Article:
Greece's public debt fell to 168.8 percent of gross domestic product (GDP) in the first quarter of this year, but remains the highest in the European Union, new data showed on Wednesday. The decrease in its debt was the largest drop recorded in the EU between the last quarter of 2014 and the first quarter of 2015 - down by more than 8 percentage points from 177.1 percent. Government debt has been at the core of the economic woes that have plagued the Mediterranean country.
Greece's public debt amounted to 301 billion euros ($329 billion) in the first quarter, according to the EU statistics agency Eurostat. Loans made up the lion's share at 129 percent of GDP. The country has received two international bailouts since 2010 and is in the process of trying to secure a third rescue package. Italy and Portugal had the next-largest public debts in the 28-country EU during the first quarter, at 135.1 percent and 129.6 percent respectively, Eurostat said.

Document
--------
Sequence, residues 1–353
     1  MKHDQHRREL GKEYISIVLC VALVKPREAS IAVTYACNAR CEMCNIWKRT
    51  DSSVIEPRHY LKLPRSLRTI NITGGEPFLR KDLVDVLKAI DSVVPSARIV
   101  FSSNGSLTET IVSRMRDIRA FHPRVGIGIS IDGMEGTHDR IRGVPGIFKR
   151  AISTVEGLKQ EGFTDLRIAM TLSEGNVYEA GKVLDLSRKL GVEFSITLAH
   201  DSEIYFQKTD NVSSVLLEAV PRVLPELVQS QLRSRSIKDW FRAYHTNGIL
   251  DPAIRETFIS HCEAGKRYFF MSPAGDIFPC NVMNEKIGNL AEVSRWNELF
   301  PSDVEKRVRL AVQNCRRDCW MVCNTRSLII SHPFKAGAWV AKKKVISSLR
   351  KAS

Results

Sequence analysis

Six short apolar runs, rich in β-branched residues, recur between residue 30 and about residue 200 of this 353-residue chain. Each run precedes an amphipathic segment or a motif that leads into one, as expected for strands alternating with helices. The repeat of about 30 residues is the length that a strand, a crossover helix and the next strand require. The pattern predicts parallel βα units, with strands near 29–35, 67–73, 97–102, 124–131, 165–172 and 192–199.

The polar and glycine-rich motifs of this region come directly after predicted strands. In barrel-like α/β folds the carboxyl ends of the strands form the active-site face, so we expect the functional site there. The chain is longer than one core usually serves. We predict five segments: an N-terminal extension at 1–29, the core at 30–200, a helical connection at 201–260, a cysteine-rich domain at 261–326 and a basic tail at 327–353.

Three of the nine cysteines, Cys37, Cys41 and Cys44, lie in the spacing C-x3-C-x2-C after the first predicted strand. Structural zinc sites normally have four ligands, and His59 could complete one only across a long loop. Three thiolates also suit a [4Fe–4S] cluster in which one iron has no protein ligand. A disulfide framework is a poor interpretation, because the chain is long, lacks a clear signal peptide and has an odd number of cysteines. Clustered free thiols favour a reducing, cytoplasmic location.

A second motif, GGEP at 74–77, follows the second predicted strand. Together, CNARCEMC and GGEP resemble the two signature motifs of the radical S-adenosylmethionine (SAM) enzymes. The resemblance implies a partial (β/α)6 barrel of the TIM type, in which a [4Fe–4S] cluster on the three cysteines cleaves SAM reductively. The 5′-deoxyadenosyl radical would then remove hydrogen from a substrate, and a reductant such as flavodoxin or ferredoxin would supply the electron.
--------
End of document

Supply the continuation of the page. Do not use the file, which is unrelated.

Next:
The lowest debt levels were recorded in Estonia (10.5 percent), Luxembourg (21.6 percent) and Bulgaria (29.6 percent). Under the EU rules, governments should have public debt no higher than 60 percent. Only 11 countries comply with that requirement, according to Eurostat: Bulgaria, the Czech Republic, Denmark, Estonia, Latvia, Lithuania, Luxembourg, Poland, Romania, Slovakia and Sweden.